8. Depends on your lifestyle. My friends might call me an extreme minimalist with understanding that my job includes that; I teach internationally. It is a waste of money to keep a storage unit of things. I’d rather save the money or put it into a retirement fund. My job provides housing, transportation, and I pay for my food. When I visit friends, they cannot put me up since their own places too small, so I have to spend money to stay in hotels or Airbnb, thank God for Airbnb, and rent a car, and get the plane ticket – all very costly. I love my friends so I visit them, but out of 16 years of living abroad, only 2 have visited me. I live in Asia, and for many people that area is not on their bucket list. Now that I am older and still do not have that place to call my own, well, I am visiting less, and trying to save more instead of traveling so that I can have a place to live in the future.

    1. Yes, Mary, I think things are different for those who are living the “traveling” lifestyle. I was writing more from the perspective of those who tend to live a less transient lifestyle, have families, and are active in their local communities. I think if we fall into the latter category, it’s nice to be able to accommodate others if we have that ability. We don’t have to be extravagant, but hospitable and willing to give of ourselves and our belongings.

      Thank you for your thoughtful comment and adding to the discussion.

  9. I grew up in Alabama. Southern hospitality and all that that entails. I can’t imagine not having enough place settings to serve at least six guests, or not having an extra pillow, sheet and blanket so I could at least offer someone to overnight on my sofa. We share when we have it and give when we can and try not to have things we don’t use or have more than we need……hurricane Katrina really made us think hard about these things.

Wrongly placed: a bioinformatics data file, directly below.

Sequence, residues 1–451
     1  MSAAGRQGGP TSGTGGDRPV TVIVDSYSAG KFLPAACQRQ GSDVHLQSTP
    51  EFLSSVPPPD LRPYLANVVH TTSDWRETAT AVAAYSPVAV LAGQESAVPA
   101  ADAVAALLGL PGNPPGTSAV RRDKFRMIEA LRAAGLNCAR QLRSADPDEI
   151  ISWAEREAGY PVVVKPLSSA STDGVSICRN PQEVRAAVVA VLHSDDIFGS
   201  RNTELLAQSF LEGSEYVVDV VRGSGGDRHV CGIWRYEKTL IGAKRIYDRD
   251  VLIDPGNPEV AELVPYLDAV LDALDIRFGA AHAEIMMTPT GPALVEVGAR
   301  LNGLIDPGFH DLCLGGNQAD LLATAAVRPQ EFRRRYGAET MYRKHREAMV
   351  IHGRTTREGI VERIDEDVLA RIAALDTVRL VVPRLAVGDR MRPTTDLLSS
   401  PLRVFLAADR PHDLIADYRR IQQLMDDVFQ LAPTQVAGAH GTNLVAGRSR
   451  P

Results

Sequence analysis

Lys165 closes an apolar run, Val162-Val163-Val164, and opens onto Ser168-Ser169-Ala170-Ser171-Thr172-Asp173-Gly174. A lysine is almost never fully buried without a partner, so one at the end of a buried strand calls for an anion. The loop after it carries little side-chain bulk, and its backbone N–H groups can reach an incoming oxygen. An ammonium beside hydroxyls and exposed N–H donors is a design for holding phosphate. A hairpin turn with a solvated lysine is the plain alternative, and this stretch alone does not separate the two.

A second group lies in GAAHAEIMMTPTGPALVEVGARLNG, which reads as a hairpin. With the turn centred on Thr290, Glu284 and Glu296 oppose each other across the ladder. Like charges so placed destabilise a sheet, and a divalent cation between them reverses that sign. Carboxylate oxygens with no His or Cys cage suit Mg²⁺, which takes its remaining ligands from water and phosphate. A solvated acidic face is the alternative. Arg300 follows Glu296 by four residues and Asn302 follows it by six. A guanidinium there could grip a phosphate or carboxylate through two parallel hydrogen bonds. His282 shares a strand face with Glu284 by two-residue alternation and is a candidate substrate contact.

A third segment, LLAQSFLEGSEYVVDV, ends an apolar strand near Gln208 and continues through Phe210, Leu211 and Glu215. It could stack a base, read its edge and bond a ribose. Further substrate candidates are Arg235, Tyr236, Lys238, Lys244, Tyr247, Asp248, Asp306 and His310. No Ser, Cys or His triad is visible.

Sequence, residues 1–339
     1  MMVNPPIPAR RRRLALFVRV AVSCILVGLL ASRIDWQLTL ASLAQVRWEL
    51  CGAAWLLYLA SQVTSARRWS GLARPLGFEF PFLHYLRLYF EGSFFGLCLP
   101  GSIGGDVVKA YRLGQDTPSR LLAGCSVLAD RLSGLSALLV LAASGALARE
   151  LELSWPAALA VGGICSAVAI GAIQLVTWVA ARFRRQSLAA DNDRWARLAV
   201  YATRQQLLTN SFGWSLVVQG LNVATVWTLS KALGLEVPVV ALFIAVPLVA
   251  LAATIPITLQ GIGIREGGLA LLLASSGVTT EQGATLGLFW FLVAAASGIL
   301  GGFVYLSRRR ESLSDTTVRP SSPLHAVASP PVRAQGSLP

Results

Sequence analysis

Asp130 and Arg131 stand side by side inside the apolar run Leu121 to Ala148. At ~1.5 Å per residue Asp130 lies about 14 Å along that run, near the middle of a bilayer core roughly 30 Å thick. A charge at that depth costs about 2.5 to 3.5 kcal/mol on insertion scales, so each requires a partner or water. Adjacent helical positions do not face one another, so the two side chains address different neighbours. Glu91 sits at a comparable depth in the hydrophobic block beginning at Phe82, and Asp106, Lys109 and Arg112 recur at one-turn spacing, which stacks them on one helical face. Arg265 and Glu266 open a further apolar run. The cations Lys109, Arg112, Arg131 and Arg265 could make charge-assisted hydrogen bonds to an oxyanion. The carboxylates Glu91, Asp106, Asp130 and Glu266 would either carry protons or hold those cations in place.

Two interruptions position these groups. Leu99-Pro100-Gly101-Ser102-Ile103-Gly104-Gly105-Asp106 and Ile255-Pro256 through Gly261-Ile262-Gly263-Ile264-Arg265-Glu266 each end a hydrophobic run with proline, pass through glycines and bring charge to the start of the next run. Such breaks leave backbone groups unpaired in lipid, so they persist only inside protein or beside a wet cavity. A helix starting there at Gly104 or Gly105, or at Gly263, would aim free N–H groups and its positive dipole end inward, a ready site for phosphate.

Someone, like the young lady Merf56 references, may be a minimalist or living simply but when they are using other people’s resources in the manner Merf56 describes then I would call them selfish. It’s one thing to be broke, it’s one thing to come on hard times, it’s one thing to need a helping hand sometimes, it’s one thing to say that I don’t have a shovel but I’ll help you dig that hole/ plant that bush/ fill that ditch somehow, it’s one thing to take advantage of the spirit of sharing resources amongst friends, family, neighbors and community. It’s a completely different matter when you contribute nothing in return, when you take from other’s resources so as not to use your own. THAT is called freeloading.

    I apologize if that sounds harsh but we have a close family member who behaves in this manner and has done so for years. This person’s behavior has not led to warm fuzzy feelings and admiration for this person’s frugality. To expect a handout but not be willing to return the favor when you have the ability to do so is a good way to turn yourself into a parriah.

    1. I think we all know at least one person who is so frugal that they freeload. I don’t think this is the norm for minimalists, but I think it could be a danger for some.

  10. I am reminded of Erich Fromm’ s observation that the very poorest find it humiliating to be so destitute that one cannot show hospitality or kindness, and thus are excluded from this very human social interaction.

    1. I love Erich Fromm’s work. I would hope that those who choose minimalism but still have means would indeed show hospitality and kindness. I expect many would. But I also sense an obsession and urgency that might suggest that some are too focused on downsizing to be welcoming to others.